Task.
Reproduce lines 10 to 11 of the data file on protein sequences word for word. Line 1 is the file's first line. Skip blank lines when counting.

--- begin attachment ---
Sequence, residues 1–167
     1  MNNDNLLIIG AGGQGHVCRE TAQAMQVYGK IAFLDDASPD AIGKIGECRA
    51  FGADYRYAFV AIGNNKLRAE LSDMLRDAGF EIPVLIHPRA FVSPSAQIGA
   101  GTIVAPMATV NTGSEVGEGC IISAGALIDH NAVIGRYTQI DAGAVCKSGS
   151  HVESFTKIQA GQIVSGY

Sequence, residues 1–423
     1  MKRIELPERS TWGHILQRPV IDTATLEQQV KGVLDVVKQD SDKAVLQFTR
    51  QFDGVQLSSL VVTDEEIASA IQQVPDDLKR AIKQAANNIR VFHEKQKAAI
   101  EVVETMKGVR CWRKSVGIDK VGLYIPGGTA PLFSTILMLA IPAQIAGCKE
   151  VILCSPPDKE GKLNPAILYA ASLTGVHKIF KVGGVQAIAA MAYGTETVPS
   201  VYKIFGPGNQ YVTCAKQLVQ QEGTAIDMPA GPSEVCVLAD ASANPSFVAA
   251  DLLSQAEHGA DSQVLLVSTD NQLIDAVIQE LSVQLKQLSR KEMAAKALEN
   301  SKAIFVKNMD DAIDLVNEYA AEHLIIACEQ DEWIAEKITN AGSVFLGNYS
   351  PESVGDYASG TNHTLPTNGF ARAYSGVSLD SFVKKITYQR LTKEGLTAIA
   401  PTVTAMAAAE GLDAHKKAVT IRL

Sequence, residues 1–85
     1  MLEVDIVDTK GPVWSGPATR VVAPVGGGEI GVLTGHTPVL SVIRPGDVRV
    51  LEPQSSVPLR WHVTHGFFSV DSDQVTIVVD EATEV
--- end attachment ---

   151  VILCSPPDKE GKLNPAILYA ASLTGVHKIF KVGGVQAIAA MAYGTETVPS
   201  VYKIFGPGNQ YVTCAKQLVQ QEGTAIDMPA GPSEVCVLAD ASANPSFVAA